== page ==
Norwood, Massachusetts (CNN)Donald Trump's scorching rhetoric on immigration has infuriated Hispanic voters and made him a target for Democrats and even some members of his own party, but at least one group of people think his stance on immigration is comforting: The family members of people who have been killed by undocumented immigrants.
Families of slain victims meet with Trump
Trump met last week with at least three such Massachusetts families at the residence of Ernie Boch, a local car dealership magnate, after addressing supporters.
The meeting between Trump and the families was organized by The Remembrance Project, a nonprofit organization formed in 2009 to "honor and remember Americans who have been killed" specifically by undocumented immigrants.
Trump has made it his mission to be outspoken against undocumented immigrants, promising to build a wall and deport people who are here illegally. It's a message that's been perceived as offensive and racist by some, but Trump skyrocketed to the top of the GOP primary polls following comments he made at the launch of his campaign. The popularity has not translated to all voting groups.
An ABC News/Washington Post poll out Wednesday showed Trump is viewed unfavorably by 82% of Hispanics. In that same poll, 48% of Whites have a favorable view of the real estate mogul.
And while his frank stance has resonated with a lot of America, for the families Trump met with last week, it's personal.
"He reached out and gave me a hug," Maureen Malloney said. "He said he would get rid of the illegal immigrants, he will do everything to secure the borders, and enforce the current laws that we have. He will make it a great country."
She and her husband Mike lost their son Matthew four years ago, when he was killed by an undocumented immigrant from Ecuador, in a traffic accident.
"Matthew was the third person in our town to be killed by an illegal immigrant in a two year period," Malloney said.
According to another guest of the Trump meeting last week, Michael Fromer, his brother's killer was under the influence, unlicensed, unregistered and "shouldn't have been here." He was arrested and brought to trial after waiting in jail for nine months, but was later found not-guilty.
"Finally someone has the courage to stand up and not be afraid of everybody else's opinion about him," Fromer said of Trump. "And whether they like him or not, he's doing what he should be doing -- not be intimidated about losing votes because of his opinion."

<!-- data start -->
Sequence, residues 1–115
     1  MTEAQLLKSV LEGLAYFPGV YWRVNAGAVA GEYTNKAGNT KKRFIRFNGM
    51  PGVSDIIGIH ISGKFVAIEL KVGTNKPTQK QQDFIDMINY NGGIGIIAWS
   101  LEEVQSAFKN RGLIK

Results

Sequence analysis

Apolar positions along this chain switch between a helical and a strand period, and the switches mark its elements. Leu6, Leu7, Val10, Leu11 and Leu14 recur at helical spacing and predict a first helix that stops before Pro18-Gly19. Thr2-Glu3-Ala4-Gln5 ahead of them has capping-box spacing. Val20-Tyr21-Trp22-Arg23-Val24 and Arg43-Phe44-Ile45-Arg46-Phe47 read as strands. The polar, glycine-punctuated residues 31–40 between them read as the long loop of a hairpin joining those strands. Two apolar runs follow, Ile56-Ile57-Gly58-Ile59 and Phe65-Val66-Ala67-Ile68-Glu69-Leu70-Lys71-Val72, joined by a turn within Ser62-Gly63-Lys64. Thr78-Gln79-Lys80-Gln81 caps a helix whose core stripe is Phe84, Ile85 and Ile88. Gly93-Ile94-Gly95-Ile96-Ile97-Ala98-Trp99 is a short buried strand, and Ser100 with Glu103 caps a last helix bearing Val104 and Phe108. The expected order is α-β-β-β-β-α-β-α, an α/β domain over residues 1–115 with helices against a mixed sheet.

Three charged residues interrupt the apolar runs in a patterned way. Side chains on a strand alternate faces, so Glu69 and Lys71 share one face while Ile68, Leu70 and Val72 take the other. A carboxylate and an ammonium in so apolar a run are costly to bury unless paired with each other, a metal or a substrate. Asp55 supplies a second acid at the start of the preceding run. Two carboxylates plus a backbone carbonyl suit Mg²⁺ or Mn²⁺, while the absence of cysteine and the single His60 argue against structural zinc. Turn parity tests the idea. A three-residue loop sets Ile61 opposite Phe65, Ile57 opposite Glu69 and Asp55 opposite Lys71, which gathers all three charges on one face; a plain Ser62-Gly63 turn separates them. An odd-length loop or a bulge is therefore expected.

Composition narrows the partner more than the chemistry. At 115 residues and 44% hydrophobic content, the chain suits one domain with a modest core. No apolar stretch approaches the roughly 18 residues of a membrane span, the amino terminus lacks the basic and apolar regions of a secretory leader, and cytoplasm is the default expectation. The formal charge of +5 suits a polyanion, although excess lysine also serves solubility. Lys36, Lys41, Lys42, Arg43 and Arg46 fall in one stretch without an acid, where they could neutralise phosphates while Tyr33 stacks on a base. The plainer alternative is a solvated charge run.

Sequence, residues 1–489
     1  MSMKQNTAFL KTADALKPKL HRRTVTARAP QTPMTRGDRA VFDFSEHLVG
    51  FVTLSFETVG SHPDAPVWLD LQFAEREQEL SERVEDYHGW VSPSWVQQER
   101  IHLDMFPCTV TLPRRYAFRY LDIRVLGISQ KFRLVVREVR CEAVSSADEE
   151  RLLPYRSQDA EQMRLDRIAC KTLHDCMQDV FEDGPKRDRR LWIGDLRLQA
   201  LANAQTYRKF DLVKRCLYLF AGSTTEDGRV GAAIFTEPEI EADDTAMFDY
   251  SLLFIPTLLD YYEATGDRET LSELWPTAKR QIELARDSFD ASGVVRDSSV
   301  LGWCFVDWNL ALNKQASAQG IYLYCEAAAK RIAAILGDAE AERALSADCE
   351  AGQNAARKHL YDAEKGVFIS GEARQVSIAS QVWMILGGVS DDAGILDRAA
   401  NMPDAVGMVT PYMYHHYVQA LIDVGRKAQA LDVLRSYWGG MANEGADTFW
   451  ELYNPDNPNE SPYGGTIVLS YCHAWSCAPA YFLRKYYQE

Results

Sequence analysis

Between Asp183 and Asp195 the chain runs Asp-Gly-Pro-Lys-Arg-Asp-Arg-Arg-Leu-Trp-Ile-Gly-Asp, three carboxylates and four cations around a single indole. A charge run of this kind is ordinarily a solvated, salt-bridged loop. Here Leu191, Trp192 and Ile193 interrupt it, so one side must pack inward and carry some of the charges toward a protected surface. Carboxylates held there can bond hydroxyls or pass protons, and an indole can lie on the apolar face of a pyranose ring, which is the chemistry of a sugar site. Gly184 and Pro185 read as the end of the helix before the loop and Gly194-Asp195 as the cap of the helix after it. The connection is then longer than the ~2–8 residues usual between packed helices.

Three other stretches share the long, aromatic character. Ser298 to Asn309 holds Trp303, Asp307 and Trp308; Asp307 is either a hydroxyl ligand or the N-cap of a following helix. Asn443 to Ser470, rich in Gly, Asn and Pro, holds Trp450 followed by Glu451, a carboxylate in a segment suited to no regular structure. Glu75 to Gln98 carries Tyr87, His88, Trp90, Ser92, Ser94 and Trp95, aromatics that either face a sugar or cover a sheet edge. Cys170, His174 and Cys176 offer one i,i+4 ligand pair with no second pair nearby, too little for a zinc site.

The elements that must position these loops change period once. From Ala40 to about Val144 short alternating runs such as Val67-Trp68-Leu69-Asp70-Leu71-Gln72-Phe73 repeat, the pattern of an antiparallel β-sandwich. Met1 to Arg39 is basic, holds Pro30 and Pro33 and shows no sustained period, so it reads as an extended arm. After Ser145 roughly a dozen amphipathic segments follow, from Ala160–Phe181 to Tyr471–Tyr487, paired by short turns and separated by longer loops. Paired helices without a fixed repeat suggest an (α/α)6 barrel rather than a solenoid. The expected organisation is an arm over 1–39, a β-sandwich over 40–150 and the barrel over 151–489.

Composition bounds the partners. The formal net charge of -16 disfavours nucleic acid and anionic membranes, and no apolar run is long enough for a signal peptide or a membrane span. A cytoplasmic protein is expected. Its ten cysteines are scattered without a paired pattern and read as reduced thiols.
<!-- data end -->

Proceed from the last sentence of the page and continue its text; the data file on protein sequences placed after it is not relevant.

Remembrance Project co-founder and National Director Maria Espinoza said Trump asked the families to attend the event.
"He's very concerned about what's taking place, as you know," Espinoza told CNN. "You can see that his feelings are very genuine and caring for what's taking place to our American families. "
Trump has also taken his pitch to the campaign trail at large. In his stump speeches, Trump almost always talks about "Kate" and "Jamiel" and how they were killed by undocumented immigrants. Trump's referring to the high profile deaths of Kate Steinle who was shot to death on a San Francisco pier and Jamiel Shaw Jr,, a high school football player who was shot and killed in Los Angeles, while his father listened to it happen on the phone. Shaw's father spoke next to Trump at an event in Phoenix last month, voicing his trust for Donald Trump.
Most recently, Trump's been mentioning the story of a "66-year-old veteran who was raped, sodomized, and murdered by an illegal immigrant" in his speeches. Trump appears to be telling the story of Marilyn Pharis, a 64 year-old California woman who worked as a contractor for the Air Force, and was killed by Victor Aureliano Martinez, a Mexican native who lives in the United States illegally and had four prior arrests since 2009.
Another woman from Milford, Maureen Laquerre, also shared her story with Trump. Laquerre lost her brother Richard six years ago in a traffic accident, after a woman who overstayed a visa ran a red light, striking his car. "The only thing that's changed since my brother died six years ago, it's sad to say is the body count," she told him.
In an interview with CNN just after the meeting, Trump reiterated his commitment to do something about illegal immigration and the crime wave "like nobody's seen before."
"We're not going to let it continue," Trump said. "They're are incredible people who have been devastated by the crime wave of the illegal immigrants... I'll tell you what -- the lives that have been lost, they're gonna serve a very, very important fact. What's happened to these people is just a shame."